Start a freelance business.

I've got a friend who's running a Freelance shop, while hunting for a job. It may turn into  something huge, it may be something to do until a job comes along. But there's always new work to show that's being paid for by an actual client.

Show that you've got the ambition to do this whether they hire you or not. Show that you know what its like to deal with clients, even if its on a much smaller scale. 

Those who can be trusted to put hard work into little things, will be trusted to put hard work into big things.

No one's going to hand you a job right now.


But if you find a way to show that you're harder working, more ambitions, and a creative thinker, someone will take a chance on you.


Wednesday, February 11, 2009

Juniors: Make friends with the account people.

I'm serious.

The better your relationship with the account managers/executives/supervisors whatever your agency calls them, the harder they work for you.

The less you bitch about the client and the more you listen to them bitch about the client, the harder they work for you.

The more you show a willingness to honestly listen to their feedback and make client changes without complain, the harder they work for you.

It's about building trust.  You show that you trust them and they'll trust you.

Because nothing helps sell good work like having an account VP trust that your idea is the best idea, and going to bat with the client for it.

But like I said earlier. Be worthy of that trust, because nothing kills good work as quickly as an aggravated account executive who thinks you're a lazy diva/divo.

Wednesday, February 4, 2009

When Do I Get to Do a Shoot with Brett Favre?

I love my job.

I'm at such an advantage over anyone who doesn't have a job right now.

But I want to know when I get to do a shoot with Brett Favre.

I mean that's what advertising is about isn't it?

Doing shoots with celebrities. Striking up an engaging conversation with them. Finding out that they used to play Rainbow 6 on their computer too.

I bet Brett and I would become fast friends. He'd invite me down to Louisiana for a crawfish fry and to go toss the pigskin around with some High Schoolers. He'd probably even let me where his Super Bowl ring.

If only they'd let me go on a shoot with him.

What's that, none of our clients have deals with Brett Favre.

Well that sucks.

So what's the point.

In my one short month in advertising, I've learned isn't as glamorous as TV and movies may have you believe.  I'm not sitting in the cigar shop pecking away on my company laptop while I smoke Cubans with Mayor Daley.

You will sit in a cubicle. In fact, my creative director sits in a cubicle. You will go to status meetings, self-improvement seminars, you will listen to clients try to dictate copy to you.

There will be times when this job is mind-numbingly boring.

But for every 5 minutes of boredom at an agency, there are 25 minutes of pure joy (if you enjoy actually doing advertising.)

You'll get to come up with great ideas and really bad ideas and excitedly pitch them to your partners and work to make them better.

You'll pitch to a client and here the dawn of realization when they get it, and love the great idea.

You'll get to go out to lunch with your boss on occasion and have him/her buy you a beer.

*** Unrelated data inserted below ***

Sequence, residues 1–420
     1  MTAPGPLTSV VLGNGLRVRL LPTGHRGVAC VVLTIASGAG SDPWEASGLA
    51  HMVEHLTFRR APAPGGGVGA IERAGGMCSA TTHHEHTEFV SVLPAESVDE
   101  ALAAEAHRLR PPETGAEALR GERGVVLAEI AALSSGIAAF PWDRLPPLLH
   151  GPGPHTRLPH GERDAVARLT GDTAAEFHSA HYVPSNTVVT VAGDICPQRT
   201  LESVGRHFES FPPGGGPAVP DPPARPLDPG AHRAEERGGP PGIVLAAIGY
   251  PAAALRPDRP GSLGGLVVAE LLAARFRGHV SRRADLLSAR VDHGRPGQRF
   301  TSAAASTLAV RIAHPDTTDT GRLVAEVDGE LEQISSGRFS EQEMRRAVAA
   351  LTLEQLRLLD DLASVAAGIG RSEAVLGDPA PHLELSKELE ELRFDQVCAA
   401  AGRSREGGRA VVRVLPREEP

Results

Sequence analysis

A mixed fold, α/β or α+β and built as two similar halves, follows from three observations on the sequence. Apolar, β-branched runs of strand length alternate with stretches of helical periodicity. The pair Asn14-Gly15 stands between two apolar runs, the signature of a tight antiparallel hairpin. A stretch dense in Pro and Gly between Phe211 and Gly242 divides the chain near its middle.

You'll get to play Wii Tennis at 5 o'clock.

And you'll get to wear t-shirts and flip-flops in the summer.

Which is pretty cool.

And occasionally you'll work with the odd celebrity, if your client insists.

But for the most part you probably won't meet Brett Favre.

Which sucks, cause I could have totally caught one of his 90 mph 5 and outs.

Filter Yourself but Don't Filter Yourself

Do or do not there is no try.

Sorry for the Star Wars reference, but my little green Hero's message is incredibly true for us in Advertising.

You need to learn how to filter out the mediocre without actually filtering your ideas.

Make sense?

Advertising is about confusingly awkward success and completely beautiful, utter failure.

What it shouldn't be about is safety.

Example from portfolio school.

I did an ad for Tropicana. It was extremely well-written. A clever headline, nice friendly art direction, incredibly safe concept: All Natural. 

For the most part everyone liked the ad, they didn't have any complaints about it. Then one day a teacher of mine looked at it and said; "Yeah, so?"

And that's when I realized it was mediocre. It was a safe idea. It didn't change anyone's mind, it didn't make anyone think differently. No one was going to see that ad and say, "Hey, I'm going to buy more orange juice from Tropicana." Because the only thing it did was confirm what everyone already new about Tropicana, that it's all natural. And that's when I realized I should have immediately filtered this out.

On the flip side, I did a campaign for Wii Fit. It was funny, everyone laughed, but for the most part I looked at it and saw the two big rules I was breaking: I was a student doing a Parody of another products campaign and my headlines were puns.

You know what though? Every creative director who saw my portfolio said this Ad was the reason he/she wanted to interview me. Yes I wrote puns, yes I parodied another campaign, but I went all out with it. I didn't just tiptoe up to the line. I dashed across it and kept running until I was out of breath.

And that campaign was a mystifying, completely unexpected success.

You see the things you need to do in portfolio school, is learn how to filter out the safe idea without filtering out the really bad ideas or the really good ideas. Because the two extremes are where good advertising lives. 

If you can understand that.